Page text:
The Chickamauga & Chattanooga National Military Park encompasses a broad area of forests and fields in northern Georgia near the town of Fort Olgethorpe. It is one of the few spots in the United States where the Confederates won a Civil-War victory (the Confederate south of course, later lost the war to the Union north). Here, in 1863, General Braxton Bragg lead 43,000 Southern soldiers in defeating 66,000 Union soldiers headed by General William S. Rosencrans. The defeat directly lead to Ulyssess S. Grant assuming overall command of the Union forces. Grant later became President of the United States. The visitor center is housed in a southern mansion and offers descriptions of the battle, as well as a large collection of rifles used not only in the Civil War, but also throughout American history. The park is filled at seemingly odd locations with monuments to regiments from both sides, stacks of cannon balls where officers died, and lines of cannons and mortars, all which can make interesting photo opportunities.
I found the Andersonville National Historic Site in south-central Georgiato be truly moving. Andersonville, also known as Camp Sumter, was the largest of the Confederate military prisons operating during the Civil War. Today, the prison site itself is a broad, sunny, grassy field with a few sections of wooden stockade wall. It’s hard to imagine the 34,000 men packed into a 26.5-acre prison area, surviving with little fresh water and poor sanitation. The reality of the prison’s history is more tangible at the National Cemetery also situated on the Historic Site grounds. Row after row of white marble gravestones mark the resting place of the 13,000 prisoners who died at the camp. Other sections of the cemetery are reversed for American veterans from other wars. Also built at Andersonville is the National Prisoner of War Museum, which tells not only the story of the Civil War prison, but also memorializes American prisoners of war from the Revolution to the first Gulf War. All together, the museum, cemetery, and former prison grounds provide many poignant photographic subjects. A telephoto lens is particularly useful in the National Cemetery for compressing thousands of gravestones into a single image.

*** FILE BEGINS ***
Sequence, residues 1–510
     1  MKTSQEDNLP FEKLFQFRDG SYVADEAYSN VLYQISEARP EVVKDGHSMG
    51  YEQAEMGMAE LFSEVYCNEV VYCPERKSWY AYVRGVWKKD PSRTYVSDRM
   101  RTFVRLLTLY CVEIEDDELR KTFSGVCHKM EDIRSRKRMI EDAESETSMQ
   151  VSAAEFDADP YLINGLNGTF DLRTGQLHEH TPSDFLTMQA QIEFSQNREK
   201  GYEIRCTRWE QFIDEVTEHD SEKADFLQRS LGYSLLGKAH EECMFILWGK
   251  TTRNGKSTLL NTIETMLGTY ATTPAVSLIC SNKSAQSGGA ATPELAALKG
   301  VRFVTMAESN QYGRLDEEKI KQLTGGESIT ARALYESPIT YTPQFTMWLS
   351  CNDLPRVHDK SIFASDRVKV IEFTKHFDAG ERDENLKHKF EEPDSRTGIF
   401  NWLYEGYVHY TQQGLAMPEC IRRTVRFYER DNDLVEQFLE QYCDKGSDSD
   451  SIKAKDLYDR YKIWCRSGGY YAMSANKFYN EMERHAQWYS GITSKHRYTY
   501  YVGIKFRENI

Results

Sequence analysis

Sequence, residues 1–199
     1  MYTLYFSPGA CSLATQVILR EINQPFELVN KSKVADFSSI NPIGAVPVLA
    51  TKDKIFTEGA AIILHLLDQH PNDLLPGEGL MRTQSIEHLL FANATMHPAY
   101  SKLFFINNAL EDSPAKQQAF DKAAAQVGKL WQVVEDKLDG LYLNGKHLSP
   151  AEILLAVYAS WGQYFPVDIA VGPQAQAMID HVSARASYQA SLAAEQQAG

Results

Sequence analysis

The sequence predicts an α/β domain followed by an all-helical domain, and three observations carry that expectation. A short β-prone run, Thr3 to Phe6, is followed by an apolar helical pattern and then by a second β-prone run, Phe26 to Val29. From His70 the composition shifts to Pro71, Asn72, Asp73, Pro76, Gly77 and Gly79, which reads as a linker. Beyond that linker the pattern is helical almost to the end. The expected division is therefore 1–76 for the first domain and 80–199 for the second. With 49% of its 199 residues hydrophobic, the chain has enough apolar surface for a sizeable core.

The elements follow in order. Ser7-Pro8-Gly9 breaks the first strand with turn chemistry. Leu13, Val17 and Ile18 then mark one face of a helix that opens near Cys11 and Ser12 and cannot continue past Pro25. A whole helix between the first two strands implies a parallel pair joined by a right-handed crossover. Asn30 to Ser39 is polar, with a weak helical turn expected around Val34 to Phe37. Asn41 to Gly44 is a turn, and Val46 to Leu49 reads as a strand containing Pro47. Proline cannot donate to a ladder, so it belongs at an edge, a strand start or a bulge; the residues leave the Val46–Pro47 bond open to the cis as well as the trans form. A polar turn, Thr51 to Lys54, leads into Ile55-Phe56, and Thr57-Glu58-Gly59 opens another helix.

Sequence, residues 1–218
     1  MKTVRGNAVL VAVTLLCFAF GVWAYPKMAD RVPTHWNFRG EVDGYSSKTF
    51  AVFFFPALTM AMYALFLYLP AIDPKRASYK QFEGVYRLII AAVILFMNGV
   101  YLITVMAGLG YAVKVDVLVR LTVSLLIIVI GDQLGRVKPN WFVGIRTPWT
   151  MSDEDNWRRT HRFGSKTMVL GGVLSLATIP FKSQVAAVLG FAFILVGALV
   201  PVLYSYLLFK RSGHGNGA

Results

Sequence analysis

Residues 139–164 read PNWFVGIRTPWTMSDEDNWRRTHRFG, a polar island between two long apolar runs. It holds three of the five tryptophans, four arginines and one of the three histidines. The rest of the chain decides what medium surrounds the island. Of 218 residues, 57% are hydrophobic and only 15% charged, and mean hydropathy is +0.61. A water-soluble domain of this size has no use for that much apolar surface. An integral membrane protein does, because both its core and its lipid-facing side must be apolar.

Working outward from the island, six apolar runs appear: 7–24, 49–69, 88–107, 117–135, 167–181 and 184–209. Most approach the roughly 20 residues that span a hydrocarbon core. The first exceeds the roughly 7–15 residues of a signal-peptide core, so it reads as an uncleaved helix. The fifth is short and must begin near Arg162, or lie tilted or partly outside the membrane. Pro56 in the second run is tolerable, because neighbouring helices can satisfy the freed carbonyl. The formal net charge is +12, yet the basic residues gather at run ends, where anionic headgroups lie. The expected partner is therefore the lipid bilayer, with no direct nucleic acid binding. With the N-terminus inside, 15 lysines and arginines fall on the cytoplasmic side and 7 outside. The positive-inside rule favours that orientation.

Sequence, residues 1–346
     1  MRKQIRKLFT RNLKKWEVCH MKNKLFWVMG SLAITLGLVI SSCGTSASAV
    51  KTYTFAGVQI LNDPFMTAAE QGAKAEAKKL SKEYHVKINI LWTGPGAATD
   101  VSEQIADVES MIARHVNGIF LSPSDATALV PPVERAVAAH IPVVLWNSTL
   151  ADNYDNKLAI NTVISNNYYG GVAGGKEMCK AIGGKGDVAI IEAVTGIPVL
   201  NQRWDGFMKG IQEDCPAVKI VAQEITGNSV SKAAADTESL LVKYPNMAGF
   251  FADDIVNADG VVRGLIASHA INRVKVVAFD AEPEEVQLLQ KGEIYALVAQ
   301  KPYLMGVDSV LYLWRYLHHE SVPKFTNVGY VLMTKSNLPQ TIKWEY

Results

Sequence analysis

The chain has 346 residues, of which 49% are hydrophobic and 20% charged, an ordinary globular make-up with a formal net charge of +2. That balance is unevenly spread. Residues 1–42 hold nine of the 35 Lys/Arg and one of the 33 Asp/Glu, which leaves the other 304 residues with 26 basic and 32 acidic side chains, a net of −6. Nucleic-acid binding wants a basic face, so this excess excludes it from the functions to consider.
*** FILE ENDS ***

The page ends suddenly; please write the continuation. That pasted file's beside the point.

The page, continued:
Perhaps there is no place in Georgia where history is more alive than in Savannah. The city was founded in 1733 and was America’s first planned city. Its founder, James Oglethorpe, laid out the city in a grid pattern with wide boulevards and 24 squares; 21 of which are still present today. As a major seaport, the city flourished with the cotton trade, especially after the cotton gin was invented on a nearby plantation. Cotton prices for the world were set at the Savannah Cotton Exchange, whose building today houses small shops and restaurants. During the Civil War, Union General William Sherman ravaged and burned Georgia on his way to the sea, but he spared Savannah as a gift to President Lincoln.